Any day you get to drive a Porsche has the capacity to be a very good day. That day can involve the most mundane of activities—for example, moving the car off the street to make way for snow removal equipment—but because you’re moving a Porsche, the act transitions from tiresome chore to momentous event.
There’s a fundamental excellence behind every one of the German carmaker’s automobiles that derives from decades of racing and, more pointedly, from developing cars that people are able to drive quickly, easily. This characteristic reveals itself at all times and under all possible driving conditions, including glare ice and drifting snow.
This is the main lesson on offer at Porsche Camp4 Canada, a winter driving experience that takes place at the Mecaglisse training facility located some 90 minutes north of Montreal, Quebec. There are two different programs to choose from—the introductory Camp4 (three days) and advanced Camp4S (four days). Porsche Camp4 Canada is an offshoot of the Porsche Sport Driving School, which has its U.S. base at Barber Motorsports Park in Birmingham, Alabama. A few years ago, yours truly attended a one-day session there and came away impressed with how much students were taught in a relatively short period of time. By the end of the day, people new to track driving were generating real speed.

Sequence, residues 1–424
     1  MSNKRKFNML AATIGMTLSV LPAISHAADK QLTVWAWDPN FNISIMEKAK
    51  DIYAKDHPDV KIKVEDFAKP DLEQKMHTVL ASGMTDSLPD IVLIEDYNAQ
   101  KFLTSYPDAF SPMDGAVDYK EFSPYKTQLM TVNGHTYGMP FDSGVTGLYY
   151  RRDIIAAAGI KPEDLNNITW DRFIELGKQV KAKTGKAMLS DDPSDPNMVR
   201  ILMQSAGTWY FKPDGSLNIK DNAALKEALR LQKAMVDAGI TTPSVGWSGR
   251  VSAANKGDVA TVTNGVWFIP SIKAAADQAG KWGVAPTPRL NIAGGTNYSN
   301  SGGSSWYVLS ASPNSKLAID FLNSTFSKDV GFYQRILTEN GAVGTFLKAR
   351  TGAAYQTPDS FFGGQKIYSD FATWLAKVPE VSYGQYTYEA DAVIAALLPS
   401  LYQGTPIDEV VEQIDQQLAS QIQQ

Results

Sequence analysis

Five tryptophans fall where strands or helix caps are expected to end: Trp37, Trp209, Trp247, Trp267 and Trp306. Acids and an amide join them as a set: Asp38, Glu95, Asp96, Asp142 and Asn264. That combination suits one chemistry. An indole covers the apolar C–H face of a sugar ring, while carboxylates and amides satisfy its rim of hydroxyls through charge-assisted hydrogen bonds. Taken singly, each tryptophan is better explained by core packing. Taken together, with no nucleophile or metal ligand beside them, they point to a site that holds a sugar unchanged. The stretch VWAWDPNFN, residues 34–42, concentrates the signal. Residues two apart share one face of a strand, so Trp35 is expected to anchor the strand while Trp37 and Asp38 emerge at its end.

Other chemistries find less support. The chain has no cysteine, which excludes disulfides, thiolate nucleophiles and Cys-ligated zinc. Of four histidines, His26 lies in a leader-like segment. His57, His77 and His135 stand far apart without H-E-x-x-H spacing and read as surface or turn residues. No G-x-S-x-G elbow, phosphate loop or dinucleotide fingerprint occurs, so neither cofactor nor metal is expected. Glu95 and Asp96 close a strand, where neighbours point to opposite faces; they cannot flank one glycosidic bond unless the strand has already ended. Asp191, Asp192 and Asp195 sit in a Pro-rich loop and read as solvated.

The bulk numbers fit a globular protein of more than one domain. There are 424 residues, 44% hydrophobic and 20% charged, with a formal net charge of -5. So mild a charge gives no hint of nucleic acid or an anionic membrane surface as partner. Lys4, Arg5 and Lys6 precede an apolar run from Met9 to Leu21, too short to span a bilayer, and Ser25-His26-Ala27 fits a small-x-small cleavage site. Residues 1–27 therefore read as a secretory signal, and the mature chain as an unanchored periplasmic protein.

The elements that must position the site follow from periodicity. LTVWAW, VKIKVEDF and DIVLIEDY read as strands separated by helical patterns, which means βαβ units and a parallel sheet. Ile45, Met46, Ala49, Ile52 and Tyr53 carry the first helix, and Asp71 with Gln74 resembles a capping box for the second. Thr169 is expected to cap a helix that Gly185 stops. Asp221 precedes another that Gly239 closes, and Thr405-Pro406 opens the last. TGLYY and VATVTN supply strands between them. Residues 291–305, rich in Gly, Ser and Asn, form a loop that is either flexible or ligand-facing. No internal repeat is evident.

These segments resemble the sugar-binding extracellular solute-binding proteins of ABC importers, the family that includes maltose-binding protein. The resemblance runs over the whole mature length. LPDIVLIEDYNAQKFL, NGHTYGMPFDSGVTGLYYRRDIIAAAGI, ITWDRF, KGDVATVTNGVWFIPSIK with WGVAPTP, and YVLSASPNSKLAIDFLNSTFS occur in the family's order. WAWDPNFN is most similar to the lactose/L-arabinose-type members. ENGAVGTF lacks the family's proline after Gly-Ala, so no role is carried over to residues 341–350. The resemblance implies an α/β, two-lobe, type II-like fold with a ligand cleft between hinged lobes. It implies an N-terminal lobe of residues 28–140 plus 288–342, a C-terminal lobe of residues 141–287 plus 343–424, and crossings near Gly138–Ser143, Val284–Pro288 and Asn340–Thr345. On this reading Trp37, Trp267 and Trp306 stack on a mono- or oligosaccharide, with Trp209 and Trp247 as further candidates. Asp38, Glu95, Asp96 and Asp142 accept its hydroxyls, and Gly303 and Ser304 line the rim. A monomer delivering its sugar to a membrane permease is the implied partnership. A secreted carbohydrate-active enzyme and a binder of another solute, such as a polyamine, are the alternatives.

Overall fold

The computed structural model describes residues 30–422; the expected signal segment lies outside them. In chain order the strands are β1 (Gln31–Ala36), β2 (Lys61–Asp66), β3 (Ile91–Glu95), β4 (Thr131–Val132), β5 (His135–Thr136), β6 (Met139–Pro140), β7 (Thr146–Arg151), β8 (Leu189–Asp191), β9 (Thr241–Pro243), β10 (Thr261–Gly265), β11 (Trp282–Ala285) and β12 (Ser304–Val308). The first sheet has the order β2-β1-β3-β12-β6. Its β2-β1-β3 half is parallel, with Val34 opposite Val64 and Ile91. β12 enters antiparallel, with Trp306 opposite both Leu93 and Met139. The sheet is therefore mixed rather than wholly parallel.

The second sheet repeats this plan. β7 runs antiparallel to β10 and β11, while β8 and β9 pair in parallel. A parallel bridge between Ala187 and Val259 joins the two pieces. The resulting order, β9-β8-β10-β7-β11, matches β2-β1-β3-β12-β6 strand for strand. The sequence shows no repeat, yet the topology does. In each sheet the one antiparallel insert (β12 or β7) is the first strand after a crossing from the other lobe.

Speed is not the objective of Camp4; instead, it’s all about car control. And the cars we were given to control were the latest from the Porsche fleet—the rear-wheel drive Boxster S and 911 Carrera, and the all-wheel drive 911 Carrera 4S—all fitted with studded tires.
Make no mistake, these three cars are hugely fun and, with their respective traction control systems turned off, all of them can make the raw rookie seem like a professional drifter, given time. But the one that tops the list is the Carrera 4S—the brilliantly sorted all-wheel drive system generates traction in the slipperiest circumstances and has the inherent balance to make quick work of fast and slick turns.
Of course, there is expert guidance on hand to make sure any speed that is generated is also handled. The Porsche instructors maintain watch at various lookouts around the tracks and call out instructions through walkie-talkies placed in the cars. Over the airwaves, students are encouraged to manage weight transfer and be smooth with the steering, the throttle, and the brake; there’s method here as under the snow the tracks are solid ice.
For more information, drift on by the Porsche Camp4 Canada website. But you’d best put the pedal to the metal because space is severely limited.